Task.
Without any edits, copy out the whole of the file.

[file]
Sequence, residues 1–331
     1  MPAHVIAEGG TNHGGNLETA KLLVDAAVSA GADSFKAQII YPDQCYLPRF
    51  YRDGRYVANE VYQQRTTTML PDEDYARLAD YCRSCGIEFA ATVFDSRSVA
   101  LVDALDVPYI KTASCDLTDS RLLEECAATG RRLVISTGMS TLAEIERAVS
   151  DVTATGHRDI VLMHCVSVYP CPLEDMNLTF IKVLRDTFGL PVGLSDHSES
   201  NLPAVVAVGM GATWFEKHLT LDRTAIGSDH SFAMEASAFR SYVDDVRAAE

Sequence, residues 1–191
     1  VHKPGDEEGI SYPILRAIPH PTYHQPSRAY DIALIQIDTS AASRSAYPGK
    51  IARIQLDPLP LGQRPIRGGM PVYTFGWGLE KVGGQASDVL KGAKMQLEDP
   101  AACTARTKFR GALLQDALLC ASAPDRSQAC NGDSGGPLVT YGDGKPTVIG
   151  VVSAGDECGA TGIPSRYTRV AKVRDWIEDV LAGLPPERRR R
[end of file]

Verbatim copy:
Sequence, residues 1–331
     1  MPAHVIAEGG TNHGGNLETA KLLVDAAVSA GADSFKAQII YPDQCYLPRF
    51  YRDGRYVANE VYQQRTTTML PDEDYARLAD YCRSCGIEFA ATVFDSRSVA
   101  LVDALDVPYI KTASCDLTDS RLLEECAATG RRLVISTGMS TLAEIERAVS
   151  DVTATGHRDI VLMHCVSVYP CPLEDMNLTF IKVLRDTFGL PVGLSDHSES
   201  NLPAVVAVGM GATWFEKHLT LDRTAIGSDH SFAMEASAFR SYVDDVRAAE

Sequence, residues 1–191
     1  VHKPGDEEGI SYPILRAIPH PTYHQPSRAY DIALIQIDTS AASRSAYPGK
    51  IARIQLDPLP LGQRPIRGGM PVYTFGWGLE KVGGQASDVL KGAKMQLEDP
   101  AACTARTKFR GALLQDALLC ASAPDRSQAC NGDSGGPLVT YGDGKPTVIG
   151  VVSAGDECGA TGIPSRYTRV AKVRDWIEDV LAGLPPERRR R